In a city as prosperous as London, there are many people who cannot afford food for themselves, their families and their children. During the holiday period some children really do go hungry.  The summer holidays are a financial and mental burden for the poorest families in our community.  Many schools provide breakfast through charities such as Magic Breakfasts, and many children are entitled to free school meals (all children up to the end of year 2; from year 3 onwards, it depends on parent’s income and benefits).  If your income cannot stretch to feed everyone, every day, for 6 weeks, what do you do? Hub Storyteller Ann Storr spoke to 2 local Holiday Hunger Helpers.

Food coming into Max Roach

Before I spoke with Candice James, manager of Max Roach One O’Clock Club, and Mala Naiker, Brixton food Guru, I was familiar with the idea of ‘holiday hunger’ but the concept of ‘holiday boredom’ was a new one.  Candice and Mala explained to me that parents may be out at work all day, leaving older children to look after little ones, because childcare is too expensive. Or kids are turfed out of the house all day so that parents can ration what little food there is.  “And that’s where the mischief happens” said Candice.  Mala went further  “I was in a chicken shop and kids were taking sachets of ketchup – when I asked them why they explained that they mix the ketchup with water which fills them up”.

Max Roach Children’s Centre is in the Coldharbour Ward, which has high levels of deprivation: 80% of the families attending Max Roach receive Job Seeker’s Allowance or Income Support, and the remaining 20% work but are not materially better off.  It’s a small children’s centre, says Candice, but it does represent the make-up of the community.  Candice started providing meals as part of holiday provision after formal feedback from parents and informal conversations with parents and children.  They wanted healthy, free meals.  “We are providing a nutritious meal in the holidays which is important because the meals [children] have at home are of low nutritional value.”  Meals are free to everyone because free access removes stigma and helps to create communities. “Everybody’s in the same boat”, working or not.

Cooking at Max Roach

Candice provided a whole vegetarian week in February’s half term which is a huge achievement in the Coldharbour ward, where chicken is a daily staple.  “The children ate [the vegetarian food] and actually enjoyed it. Part of them enjoying the meals that we create is that they are involved in the cooking process.  We choose ‘kitchen fairies’ on the day … and they help to create the menus … and parents help too.”  Involvement about types of meals and how to be creative with the surplus that they receive means that it’s an effort for and by the community.

Food surplus is delivered from organisations such as City Harvest and, of course, Mala.  Families are encouraged to take food away, and welcome the opportunity to widen the diet that they can offer their children.  The kids enjoy it, too – they like going home with a box of food that they have made at the centre, showing their parents that cooking doesn’t have to be hard or take a long time.  Cooking after a long day at a low-income job (often manual/on your feet type work) or dealing with Universal Credit can be a task that’s easy to side-step, and that is understandable – we all know that a long, trying day can make us all want a cold glass of wine/beer and to reach for Deliveroo.  Also, when it’s cold outside and cooking the food costs a lot on your pre-payment gas or electric, a £1.99 chicken meal starts making a lot of sense.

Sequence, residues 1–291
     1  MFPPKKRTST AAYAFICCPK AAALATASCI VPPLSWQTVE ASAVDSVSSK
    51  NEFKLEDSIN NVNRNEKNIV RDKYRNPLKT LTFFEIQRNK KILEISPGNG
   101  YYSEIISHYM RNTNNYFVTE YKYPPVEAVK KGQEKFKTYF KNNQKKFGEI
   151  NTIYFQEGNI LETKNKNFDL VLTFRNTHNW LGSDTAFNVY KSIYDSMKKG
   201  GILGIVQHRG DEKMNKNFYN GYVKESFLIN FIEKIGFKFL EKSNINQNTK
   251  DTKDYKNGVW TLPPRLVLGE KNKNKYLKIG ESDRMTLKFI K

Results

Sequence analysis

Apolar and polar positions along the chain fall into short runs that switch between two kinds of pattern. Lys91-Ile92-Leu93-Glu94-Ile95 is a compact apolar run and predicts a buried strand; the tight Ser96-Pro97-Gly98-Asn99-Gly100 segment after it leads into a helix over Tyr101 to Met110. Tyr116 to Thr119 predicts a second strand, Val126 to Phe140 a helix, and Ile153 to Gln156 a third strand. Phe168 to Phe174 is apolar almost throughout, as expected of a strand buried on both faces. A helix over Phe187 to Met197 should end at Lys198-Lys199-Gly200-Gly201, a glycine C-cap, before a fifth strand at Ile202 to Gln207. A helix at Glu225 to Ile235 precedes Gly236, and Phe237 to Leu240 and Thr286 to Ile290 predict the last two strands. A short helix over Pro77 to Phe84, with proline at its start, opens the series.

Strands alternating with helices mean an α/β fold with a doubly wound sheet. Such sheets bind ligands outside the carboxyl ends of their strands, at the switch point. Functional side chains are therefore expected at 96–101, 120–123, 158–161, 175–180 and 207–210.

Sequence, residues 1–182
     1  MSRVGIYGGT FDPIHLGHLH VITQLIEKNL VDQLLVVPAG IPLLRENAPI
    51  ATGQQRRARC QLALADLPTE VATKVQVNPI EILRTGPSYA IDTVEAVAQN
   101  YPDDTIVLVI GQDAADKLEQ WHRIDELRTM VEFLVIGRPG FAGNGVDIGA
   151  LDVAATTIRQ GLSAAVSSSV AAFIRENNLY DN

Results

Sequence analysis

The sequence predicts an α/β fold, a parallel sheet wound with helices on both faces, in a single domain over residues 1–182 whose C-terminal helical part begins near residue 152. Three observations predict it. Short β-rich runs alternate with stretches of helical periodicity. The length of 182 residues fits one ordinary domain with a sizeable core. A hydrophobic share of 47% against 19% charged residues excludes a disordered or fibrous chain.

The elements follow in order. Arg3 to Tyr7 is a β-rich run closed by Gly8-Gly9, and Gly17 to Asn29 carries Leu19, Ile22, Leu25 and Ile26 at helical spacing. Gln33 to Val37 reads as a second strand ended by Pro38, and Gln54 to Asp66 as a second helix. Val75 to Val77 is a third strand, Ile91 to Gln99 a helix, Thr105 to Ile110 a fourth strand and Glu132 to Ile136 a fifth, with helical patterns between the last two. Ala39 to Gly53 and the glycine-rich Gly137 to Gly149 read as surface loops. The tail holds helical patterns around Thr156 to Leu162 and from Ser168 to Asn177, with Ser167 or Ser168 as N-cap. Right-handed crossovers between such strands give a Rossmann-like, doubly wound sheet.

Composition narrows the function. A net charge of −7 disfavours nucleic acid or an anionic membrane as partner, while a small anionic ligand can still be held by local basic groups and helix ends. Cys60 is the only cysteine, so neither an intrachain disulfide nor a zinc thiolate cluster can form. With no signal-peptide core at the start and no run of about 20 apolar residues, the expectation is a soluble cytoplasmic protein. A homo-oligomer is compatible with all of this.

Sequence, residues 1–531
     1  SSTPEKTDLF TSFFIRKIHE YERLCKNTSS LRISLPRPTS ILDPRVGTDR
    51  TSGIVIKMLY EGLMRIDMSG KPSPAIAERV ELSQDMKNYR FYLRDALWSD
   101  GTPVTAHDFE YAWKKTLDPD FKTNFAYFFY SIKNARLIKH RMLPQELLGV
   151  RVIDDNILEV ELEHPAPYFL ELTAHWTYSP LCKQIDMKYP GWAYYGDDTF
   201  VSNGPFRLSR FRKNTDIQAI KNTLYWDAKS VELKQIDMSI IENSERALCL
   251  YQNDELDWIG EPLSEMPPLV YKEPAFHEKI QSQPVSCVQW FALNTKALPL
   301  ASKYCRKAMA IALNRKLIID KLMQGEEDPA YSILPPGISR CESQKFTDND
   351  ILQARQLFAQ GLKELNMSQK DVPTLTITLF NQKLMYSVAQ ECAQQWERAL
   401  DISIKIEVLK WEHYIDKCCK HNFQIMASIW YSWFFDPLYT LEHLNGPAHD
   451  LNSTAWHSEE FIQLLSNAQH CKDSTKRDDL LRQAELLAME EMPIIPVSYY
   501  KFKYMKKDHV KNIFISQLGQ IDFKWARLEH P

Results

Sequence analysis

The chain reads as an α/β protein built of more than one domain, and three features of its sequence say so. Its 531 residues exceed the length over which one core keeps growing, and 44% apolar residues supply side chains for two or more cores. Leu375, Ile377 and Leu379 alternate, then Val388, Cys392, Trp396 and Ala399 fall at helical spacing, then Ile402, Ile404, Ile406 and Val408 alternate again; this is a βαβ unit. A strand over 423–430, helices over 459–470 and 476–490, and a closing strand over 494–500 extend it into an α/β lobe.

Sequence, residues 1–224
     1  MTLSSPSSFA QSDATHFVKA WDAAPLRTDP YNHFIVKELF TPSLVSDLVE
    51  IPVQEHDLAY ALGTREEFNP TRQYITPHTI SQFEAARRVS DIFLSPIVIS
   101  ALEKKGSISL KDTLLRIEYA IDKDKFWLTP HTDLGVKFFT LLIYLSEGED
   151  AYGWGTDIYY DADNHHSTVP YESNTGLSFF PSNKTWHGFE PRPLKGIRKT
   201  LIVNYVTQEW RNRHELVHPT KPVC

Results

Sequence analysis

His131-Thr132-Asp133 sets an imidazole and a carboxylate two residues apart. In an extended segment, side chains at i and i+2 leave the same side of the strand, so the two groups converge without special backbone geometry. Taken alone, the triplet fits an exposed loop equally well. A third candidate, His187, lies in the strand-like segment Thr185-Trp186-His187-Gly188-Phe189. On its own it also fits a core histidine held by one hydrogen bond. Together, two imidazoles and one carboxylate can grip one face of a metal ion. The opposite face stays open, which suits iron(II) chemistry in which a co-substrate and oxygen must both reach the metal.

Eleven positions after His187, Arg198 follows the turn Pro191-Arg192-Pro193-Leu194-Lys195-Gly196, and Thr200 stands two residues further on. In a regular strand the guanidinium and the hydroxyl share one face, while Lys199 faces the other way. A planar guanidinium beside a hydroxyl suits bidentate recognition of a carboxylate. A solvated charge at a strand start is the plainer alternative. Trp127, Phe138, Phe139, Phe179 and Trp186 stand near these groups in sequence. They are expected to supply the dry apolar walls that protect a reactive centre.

Mala picking up surplus

Redistributing surplus food helps low-income families, but, understandably, there is fear and stigma around it: “You educate people as to what you can do with this food” says Mala.  “We’ve all been psychologically framed by marketing and we are brainwashed … Last week I had a lot of carrots from Borough Market and because of the weather they were all dry and it didn’t look as if they were edible. This lovely old man was so offended, he said ‘How dare you offer this to my family?’. So I broke it in half and ate it in front of him, so he knew it was safe”.  Rightly, no-one wants to eat dangerous food simply because of their income, so Mala tries all the food she offers.  “I saw his wife the next day and he’d drunk the carrot juice she’d made with it!  He had no idea, but they were all happy!”.


Help is definitely needed in our community over the holidays and beyond:

Mala always needs

  • to know about more surplus
  • people who can fetch and carry surplus food and deliver it to individuals or community groups
  • Email and we will forward your email to her.

Candice is always looking for funding.  She needs:

  • support to evaluate her food project to strengthen future bids
  • new volunteers for Food Ambassadors or general volunteers
  • new partners and parents to strengthen their offering in the community
  • Email for further information